Back in the vanishing days of mid-December 2019, when Modeka Creative Space first opened its doors with their inaugural exhibition, Nothing Gold Can Stay, the prospect of exhibiting there must have come brightly to the show’s artist-attendees, and to none so keenly than sculptress Ciane Xavier.
Modeka, the latest to have joined the long and envied mile of galleries for weekend art hops along Chino Roces, made a firm impression, both through the strong artist lineup and the bare industrial-style design that had been newly consecrated with art. This latest artist-led space, with its wide cement flooring, two long stretches of wall, and metal beams that guide the entrant’s eyes to the mezzanine overhead, not only opened more possibilities for contemporary art to be exhibited. It also made the viewing of said art, for any peering passer-by, loitering smoker outside, or nervous art-digest-writer-guy, an inviting pastime to do.
Even then, when managing partner Bubbles Bermudez told me that Ciane Xavier, upon stepping into the space for the first time all those months ago, immediately decided she wanted to hold a show with them, no one could have anticipated the generous lengths the parties involved took to make that show count. Specifically, the collaborative efforts between Ciane and Modeka creative director Riccardo Corsini. The result is a multisensorial exhibition decked with motion sensors, which trigger playbacks of spectral audio Ciane herself had produced, along with a virtual reality counterpart that can stand on its own.
Frankly, this feels unheard of. We are, after all, still in the time of a pandemic. Soft-pedaling, though not so much now, is not outside the realm of expectations. That aside, for Modeka to push the envelope of what can be done, remain consistent with the principles of innovation that attended their launch of Experiences earlier this year, and with circumstances as they are, is not just a risk worth taking in a time when other, older spaces have shuttered. It could have also been necessary.
And when done right, it could be something to behold. Ciane Xavier’s When Everything Stops, Nature Keeps Going is one such show. The setting is post-Anthropocene: human activity has come to a terminal halt (for real this time), and nature has its way. All sense of time’s passing is thus obsolete and, with it, any gauge or measure of self-worth.
It’s not nihilism that fills the void when it’s gone, though. You’ll see when you head up to the mezzanine. In that black box, lying sideways and curled in a fetal position, rests one of Ciane’s bodies, the organs of which are picked clean by a crow. There’s an abiding calm there, a sense of postmortem parity from looking at this scene lighted by a neon heartbeat. It might best articulate the feeling invoked from the exhibition going on below. Seeing the show online or through a VR headset, you’ll quickly observe something similar: submerged, the sculptures sway about to-and-fro with the water, unbothered by any above influence, nary a current nor undertow. Suppose there’s a reprieve to being forgotten.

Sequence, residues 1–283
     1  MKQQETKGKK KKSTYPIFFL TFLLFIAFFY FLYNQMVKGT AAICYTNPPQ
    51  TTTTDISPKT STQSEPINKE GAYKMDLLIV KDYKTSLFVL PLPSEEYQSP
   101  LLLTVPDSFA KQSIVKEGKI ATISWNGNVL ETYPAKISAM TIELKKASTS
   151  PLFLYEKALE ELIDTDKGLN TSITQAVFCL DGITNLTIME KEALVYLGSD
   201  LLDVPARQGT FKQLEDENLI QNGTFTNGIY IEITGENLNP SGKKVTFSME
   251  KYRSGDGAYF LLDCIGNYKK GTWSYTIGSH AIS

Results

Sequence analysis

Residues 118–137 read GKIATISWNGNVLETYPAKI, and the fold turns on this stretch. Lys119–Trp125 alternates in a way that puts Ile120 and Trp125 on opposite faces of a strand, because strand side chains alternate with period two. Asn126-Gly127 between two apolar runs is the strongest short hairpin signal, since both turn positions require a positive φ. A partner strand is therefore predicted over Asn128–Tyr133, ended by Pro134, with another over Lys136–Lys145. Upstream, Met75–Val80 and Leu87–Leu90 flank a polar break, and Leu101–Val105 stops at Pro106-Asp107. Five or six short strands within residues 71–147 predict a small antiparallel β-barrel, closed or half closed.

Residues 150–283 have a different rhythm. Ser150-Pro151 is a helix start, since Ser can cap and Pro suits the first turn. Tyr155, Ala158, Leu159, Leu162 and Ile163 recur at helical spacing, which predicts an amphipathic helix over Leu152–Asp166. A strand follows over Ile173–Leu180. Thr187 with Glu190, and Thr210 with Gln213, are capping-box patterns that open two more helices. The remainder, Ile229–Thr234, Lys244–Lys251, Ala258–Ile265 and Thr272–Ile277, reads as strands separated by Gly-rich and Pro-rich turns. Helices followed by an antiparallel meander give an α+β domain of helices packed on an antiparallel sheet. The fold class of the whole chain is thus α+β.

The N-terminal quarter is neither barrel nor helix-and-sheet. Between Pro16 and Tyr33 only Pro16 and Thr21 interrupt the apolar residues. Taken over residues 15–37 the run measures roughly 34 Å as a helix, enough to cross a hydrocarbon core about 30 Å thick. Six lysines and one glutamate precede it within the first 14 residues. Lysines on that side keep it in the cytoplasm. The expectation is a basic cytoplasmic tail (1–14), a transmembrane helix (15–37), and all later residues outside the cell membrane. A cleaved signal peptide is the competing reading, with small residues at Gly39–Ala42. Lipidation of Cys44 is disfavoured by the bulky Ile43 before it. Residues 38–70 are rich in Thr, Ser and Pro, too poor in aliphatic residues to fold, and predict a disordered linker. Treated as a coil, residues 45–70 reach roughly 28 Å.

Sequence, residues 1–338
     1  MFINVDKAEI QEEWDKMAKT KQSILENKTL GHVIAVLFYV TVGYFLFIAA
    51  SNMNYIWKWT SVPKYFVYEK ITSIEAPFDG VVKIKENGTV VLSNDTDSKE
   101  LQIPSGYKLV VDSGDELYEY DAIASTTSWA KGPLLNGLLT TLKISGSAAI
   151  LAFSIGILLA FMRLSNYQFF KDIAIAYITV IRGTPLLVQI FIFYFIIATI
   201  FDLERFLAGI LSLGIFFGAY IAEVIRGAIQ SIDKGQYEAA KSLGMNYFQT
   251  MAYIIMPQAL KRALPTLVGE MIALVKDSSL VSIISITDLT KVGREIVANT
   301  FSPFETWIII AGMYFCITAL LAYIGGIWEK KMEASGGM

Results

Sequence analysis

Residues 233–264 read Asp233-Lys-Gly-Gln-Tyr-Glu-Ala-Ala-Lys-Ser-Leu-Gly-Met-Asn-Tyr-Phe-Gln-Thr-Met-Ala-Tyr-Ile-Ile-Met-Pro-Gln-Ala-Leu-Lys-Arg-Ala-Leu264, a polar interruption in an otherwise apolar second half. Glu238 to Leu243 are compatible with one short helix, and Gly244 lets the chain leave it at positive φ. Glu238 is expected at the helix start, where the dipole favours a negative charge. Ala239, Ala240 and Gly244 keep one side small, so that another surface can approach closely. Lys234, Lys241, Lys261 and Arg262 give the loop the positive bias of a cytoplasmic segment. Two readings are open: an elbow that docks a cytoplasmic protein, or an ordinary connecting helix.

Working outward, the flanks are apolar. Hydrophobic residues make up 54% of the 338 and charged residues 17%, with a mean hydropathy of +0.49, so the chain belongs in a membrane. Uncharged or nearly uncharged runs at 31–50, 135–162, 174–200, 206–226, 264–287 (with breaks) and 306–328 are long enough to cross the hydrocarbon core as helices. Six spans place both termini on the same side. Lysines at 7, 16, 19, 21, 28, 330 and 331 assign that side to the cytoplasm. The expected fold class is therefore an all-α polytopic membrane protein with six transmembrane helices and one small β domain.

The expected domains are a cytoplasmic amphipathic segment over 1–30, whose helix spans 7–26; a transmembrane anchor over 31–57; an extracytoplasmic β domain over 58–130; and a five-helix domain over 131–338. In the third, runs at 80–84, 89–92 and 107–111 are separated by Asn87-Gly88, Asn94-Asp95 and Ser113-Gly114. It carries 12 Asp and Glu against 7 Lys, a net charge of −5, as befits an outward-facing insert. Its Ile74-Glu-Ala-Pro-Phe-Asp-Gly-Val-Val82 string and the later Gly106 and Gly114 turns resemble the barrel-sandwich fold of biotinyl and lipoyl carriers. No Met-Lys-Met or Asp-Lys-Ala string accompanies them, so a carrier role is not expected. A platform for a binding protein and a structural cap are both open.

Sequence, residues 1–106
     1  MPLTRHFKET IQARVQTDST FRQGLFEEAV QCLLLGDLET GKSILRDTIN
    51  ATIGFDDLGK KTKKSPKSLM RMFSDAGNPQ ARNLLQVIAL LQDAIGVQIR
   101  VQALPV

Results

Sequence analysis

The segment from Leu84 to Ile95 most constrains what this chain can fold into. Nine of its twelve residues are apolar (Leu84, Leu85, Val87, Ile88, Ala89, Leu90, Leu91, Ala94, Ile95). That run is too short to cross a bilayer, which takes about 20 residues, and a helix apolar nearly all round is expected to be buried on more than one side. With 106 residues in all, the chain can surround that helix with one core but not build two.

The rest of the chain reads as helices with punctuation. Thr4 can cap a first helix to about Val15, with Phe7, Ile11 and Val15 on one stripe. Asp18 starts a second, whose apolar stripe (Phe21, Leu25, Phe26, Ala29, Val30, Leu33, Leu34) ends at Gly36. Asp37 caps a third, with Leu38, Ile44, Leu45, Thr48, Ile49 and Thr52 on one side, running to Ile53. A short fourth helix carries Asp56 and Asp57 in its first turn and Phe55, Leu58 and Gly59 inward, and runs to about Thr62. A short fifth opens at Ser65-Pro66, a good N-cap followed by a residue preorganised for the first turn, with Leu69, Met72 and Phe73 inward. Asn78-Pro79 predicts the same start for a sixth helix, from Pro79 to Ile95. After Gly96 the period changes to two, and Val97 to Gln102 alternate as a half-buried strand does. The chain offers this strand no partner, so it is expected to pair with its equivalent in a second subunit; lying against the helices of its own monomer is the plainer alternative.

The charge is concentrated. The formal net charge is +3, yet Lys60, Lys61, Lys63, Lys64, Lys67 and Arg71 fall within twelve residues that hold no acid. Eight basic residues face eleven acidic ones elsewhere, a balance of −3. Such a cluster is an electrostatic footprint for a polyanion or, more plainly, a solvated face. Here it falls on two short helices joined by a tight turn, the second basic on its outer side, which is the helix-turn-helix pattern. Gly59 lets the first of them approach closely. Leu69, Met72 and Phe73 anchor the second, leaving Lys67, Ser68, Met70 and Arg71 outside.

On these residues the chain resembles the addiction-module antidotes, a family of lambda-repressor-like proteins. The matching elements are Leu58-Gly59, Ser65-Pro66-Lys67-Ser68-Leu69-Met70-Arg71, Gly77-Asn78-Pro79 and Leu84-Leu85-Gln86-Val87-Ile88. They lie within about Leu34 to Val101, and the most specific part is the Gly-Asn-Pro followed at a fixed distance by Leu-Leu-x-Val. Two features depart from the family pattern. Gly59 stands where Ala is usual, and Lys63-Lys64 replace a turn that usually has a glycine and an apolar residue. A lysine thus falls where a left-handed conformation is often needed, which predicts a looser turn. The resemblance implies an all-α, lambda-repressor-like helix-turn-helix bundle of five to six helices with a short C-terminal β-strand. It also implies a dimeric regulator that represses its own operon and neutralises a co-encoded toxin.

A model for thirteen years before picking up the brush, Ciane Xavier knows better than most the outward qualities and failings of the human body: above what bone defines what muscle, as well as all the persistent ways fat can conspire. But contorting bodies to fit a standard is a far cry from Ciane’s interests. What Ciane knows intimately about the body is, I wager, the one thing she’s dedicated to deterring: its unpredictable, voyeuristic, and often cruel reception.
The physical space becomes headspace, but not necessarily Ciane’s. If the exhibition venue is allegorical for the psyche, then these beaten bodies are allegorical for self-image. Self-image, for me, is as much looks as it is the reason behind every alibi and tiny concession ever made, as well as every paranoid thought, and every blunder.
At When Everything Stops, Nature Keeps Going, the anxious need to compensate doesn’t come so strongly, one might even come out of it feeling compassionate. I have since learned it’s not too impolite to stare. When I last came across one of her sculptures, I started at the bottom and worked my way up. I marked my progress by tracing the lesions, the bruised ankles, and the backs of its knees and elbows. I tried, at each level, to look at it from every angle. And when I arrived at the crown of it, I was looking from a blind side. For a second there, I was half-worried that if I were to walk around and face it, I’d discover the face to be mine.
When Everything Stops, Nature Keeps Going continues until October 10, 2020. To schedule for a private viewing, send an email to email@example.com or contact 0956 174 9185. To learn more about Ciane, Francesca Testa wrote a full feature for her. Access it here.
This article has been edited for accuracy.
Anchor photo: Self 2. Oil paint on Fabriano Paper on Glass Frame. 45 in x 45 in | 112 cm x 112 cm. Cropped for banner.